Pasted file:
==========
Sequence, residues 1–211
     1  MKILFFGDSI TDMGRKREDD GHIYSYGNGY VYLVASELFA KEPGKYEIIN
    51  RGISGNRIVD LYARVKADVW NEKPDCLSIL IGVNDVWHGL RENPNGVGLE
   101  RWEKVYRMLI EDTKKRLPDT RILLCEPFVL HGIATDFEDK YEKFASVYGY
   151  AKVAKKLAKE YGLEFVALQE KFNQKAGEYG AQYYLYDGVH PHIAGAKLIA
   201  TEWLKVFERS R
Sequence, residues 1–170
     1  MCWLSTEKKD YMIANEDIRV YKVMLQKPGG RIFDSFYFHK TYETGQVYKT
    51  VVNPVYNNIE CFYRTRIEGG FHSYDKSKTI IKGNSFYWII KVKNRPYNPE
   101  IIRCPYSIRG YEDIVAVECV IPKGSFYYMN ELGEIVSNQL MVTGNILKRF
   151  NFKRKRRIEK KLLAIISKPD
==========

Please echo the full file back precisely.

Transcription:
Sequence, residues 1–211
     1  MKILFFGDSI TDMGRKREDD GHIYSYGNGY VYLVASELFA KEPGKYEIIN
    51  RGISGNRIVD LYARVKADVW NEKPDCLSIL IGVNDVWHGL RENPNGVGLE
   101  RWEKVYRMLI EDTKKRLPDT RILLCEPFVL HGIATDFEDK YEKFASVYGY
   151  AKVAKKLAKE YGLEFVALQE KFNQKAGEYG AQYYLYDGVH PHIAGAKLIA
   201  TEWLKVFERS R
Sequence, residues 1–170
     1  MCWLSTEKKD YMIANEDIRV YKVMLQKPGG RIFDSFYFHK TYETGQVYKT
    51  VVNPVYNNIE CFYRTRIEGG FHSYDKSKTI IKGNSFYWII KVKNRPYNPE
   101  IIRCPYSIRG YEDIVAVECV IPKGSFYYMN ELGEIVSNQL MVTGNILKRF
   151  NFKRKRRIEK KLLAIISKPD